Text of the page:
I think unless you have access to the military bases (Spangdahlem AB is very close) or at least ties to the military community in the area, yes you'll find it difficult to integrate as others already mentioned.  Beppi's comment however about military members in the area keeping to themselves and not leaving base, I'd categorize as inaccurate, even back in the 90's.  Many military members live off-base.

If you believe you're unable to learn the language, you won't learn it.  As the saying goes, where there's a will, there's a way.  If you move there and don't learn the language, you're not going to get as much out of the experience as you might hope.

Beppi's assessment of such members keeping/mingling mostly with themselves, was certainly accurate in Bonn and also Wiesbaden. There were , of course, exceptions to that rule - but they are an extremely small minority.

People's willingness to learn and assimilate  from foreign culture and customs falls away, once large groups are forming/maintained.

It's the groupthink phenomena that then have  higher priority than an individual's behaviour.  And it holds true in any culture.

The recent  Okinawa murder and rape of a girl in Japan , and the consequences thereof, bares witness to that.

Kierstin-I would suggest you spend most of your time learning the language, and limit your time in such a way that at least more than 50% is spent with people that are fully integrated in the country. Keeping with people of your own background should be a fallback net and not a daily fix.

Unless you plan your stay to be temporary anyway : - in which case you can put the tourist spectacles on , be layed back and be fascinated by comparing the differences between "us & them",  before packing up, disillusioned and filled to the brim with confirmation biases.

Thank you for the uplifting reply. The thing with the language is I would very much like to learn German as my brother already is fluent. For some reason I myself have extreme difficulty learning languages as well as math. I took three semesters in college and still can barely form the most basic of sentences. Beppi's implication that I was unwilling to learn the language hurt my feelings. People who learn things easily have no empathy for those who do not. I have not given up hope entirely yet. I may just use my brother's home in Bitburg as a base for visiting other countries.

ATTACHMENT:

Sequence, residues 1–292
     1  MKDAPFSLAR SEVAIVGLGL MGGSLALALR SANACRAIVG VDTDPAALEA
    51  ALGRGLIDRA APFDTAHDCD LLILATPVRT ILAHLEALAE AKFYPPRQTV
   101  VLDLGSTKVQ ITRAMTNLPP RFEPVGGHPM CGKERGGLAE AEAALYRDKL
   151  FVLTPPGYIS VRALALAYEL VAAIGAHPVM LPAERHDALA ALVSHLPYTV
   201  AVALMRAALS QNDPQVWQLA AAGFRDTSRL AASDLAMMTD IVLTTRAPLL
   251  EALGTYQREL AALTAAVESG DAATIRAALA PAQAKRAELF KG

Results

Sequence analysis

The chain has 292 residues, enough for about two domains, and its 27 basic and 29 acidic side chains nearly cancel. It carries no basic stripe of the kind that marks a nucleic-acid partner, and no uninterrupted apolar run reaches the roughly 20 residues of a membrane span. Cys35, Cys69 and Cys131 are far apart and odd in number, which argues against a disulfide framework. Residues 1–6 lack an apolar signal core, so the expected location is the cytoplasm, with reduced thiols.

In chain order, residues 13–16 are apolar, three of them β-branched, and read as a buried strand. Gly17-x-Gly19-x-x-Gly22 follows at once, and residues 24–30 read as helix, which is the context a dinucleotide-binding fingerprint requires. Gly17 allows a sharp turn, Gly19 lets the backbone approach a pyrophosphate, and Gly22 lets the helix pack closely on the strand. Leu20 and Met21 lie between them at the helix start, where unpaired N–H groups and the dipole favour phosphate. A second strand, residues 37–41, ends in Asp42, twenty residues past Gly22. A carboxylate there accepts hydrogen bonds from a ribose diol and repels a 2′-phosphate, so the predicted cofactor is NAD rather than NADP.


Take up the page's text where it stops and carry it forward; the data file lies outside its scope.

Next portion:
Thank you again for your response. I was planning on leaving the sight today, but now maybe not.😊

Hi Kierstin,
I'm happy to hear that you are willing to give it a go :)

We can only share our own learnings (and those people we met, who were also in the same boat).

Whatever you learn beforehand in a college in a foreign country cannot make up for sitting in the country, with the people, buying a bread, order a coffee or the frustration (and subsequent drive) of not being able to express yourself at the spur of the moment whilst living it the the foreign country.

We humans are much more adaptable than we belief ourselves - if we are not left to many options.

The ability to learn the language generally happen in 4 stages (suprisingly similiar to newborns)
Stage 1 : Hearing - Catching specific word and reconstruct the context.
Stage 2:  Hearing - Learning to follow full simple sentences to complex innuendos (6 months,3 years respectively)
Stage 3: Speaking - Learning to speak the language. (+> later actively conversing in talk >> presenting)


It does look strange that fluent hearing and speaking is not automatically the same, but I've seen it confirmed  many times with myself and friends.

Irrespective of the syntax, speak,speak speak - even I you can hear yourself sound like an absolute pumpkin. *All* Germans I met have large tolerance for new people making mistakes in German. Tip- we connect face to a specific language. If you don't speak to a particular person in German (however broken and mixed it might be), it will be nearby impossible to swap afterwards.

If our minds doesn't pretend to have a backdoor (ie :"I can always go back if this doesn't work"), you will be able to converse in simple German in 9 months.

How sweet. Thank you for that😊

kierstin :

Beppi's implication that I was unwilling to learn the language hurt my feelings. People who learn things easily have no empathy for those who do not.

I did write "unwilling or unable", indicating that it must be one of the two. Sorry if this hurt your feeling!
But in fact, if you're still unable to converse in German after some time in the country, many will think you're not putting in enough effort. That's why I have attended classes in all countries I lived, even if the language was difficult and I knew it's only for a year (this was the case for me in Taiwan and Thailand). I am also not good with languages (and have by now forgotten all my Chinese and Thai), but it is important to show goodwill.